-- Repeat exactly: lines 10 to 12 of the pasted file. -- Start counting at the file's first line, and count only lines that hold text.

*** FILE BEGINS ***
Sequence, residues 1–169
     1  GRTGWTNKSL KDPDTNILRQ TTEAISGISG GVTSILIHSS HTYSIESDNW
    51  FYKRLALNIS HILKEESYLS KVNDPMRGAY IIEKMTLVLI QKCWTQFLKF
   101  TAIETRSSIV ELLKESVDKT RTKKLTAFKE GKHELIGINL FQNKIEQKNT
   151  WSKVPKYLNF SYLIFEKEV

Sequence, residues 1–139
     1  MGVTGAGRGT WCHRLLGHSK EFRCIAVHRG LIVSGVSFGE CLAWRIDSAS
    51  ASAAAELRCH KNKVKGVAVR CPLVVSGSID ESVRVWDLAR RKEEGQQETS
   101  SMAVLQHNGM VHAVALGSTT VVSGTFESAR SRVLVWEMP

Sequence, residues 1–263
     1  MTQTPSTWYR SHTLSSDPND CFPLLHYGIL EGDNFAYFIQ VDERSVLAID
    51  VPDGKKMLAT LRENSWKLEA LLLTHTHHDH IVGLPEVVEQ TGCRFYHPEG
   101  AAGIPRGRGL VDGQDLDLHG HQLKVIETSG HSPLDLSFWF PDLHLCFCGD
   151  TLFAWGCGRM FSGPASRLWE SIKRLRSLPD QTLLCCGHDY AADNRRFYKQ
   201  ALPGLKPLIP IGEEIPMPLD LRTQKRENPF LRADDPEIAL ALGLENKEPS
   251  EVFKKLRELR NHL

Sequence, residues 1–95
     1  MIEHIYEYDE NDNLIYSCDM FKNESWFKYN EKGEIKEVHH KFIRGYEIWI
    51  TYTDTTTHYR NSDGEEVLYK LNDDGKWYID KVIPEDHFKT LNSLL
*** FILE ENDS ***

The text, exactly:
Sequence, residues 1–263
     1  MTQTPSTWYR SHTLSSDPND CFPLLHYGIL EGDNFAYFIQ VDERSVLAID
    51  VPDGKKMLAT LRENSWKLEA LLLTHTHHDH IVGLPEVVEQ TGCRFYHPEG